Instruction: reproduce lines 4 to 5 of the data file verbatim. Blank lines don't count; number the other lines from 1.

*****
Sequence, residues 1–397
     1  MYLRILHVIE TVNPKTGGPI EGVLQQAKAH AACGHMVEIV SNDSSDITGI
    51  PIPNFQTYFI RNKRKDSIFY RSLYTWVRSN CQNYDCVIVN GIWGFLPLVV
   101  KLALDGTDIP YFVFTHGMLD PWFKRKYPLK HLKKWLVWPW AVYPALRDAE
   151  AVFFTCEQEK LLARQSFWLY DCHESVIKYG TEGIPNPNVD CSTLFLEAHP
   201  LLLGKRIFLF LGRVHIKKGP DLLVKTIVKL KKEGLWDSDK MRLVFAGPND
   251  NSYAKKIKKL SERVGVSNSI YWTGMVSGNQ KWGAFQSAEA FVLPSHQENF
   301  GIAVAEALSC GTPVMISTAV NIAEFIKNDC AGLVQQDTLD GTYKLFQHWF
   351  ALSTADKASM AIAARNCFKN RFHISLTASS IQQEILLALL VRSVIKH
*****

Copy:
   101  KLALDGTDIP YFVFTHGMLD PWFKRKYPLK HLKKWLVWPW AVYPALRDAE
   151  AVFFTCEQEK LLARQSFWLY DCHESVIKYG TEGIPNPNVD CSTLFLEAHP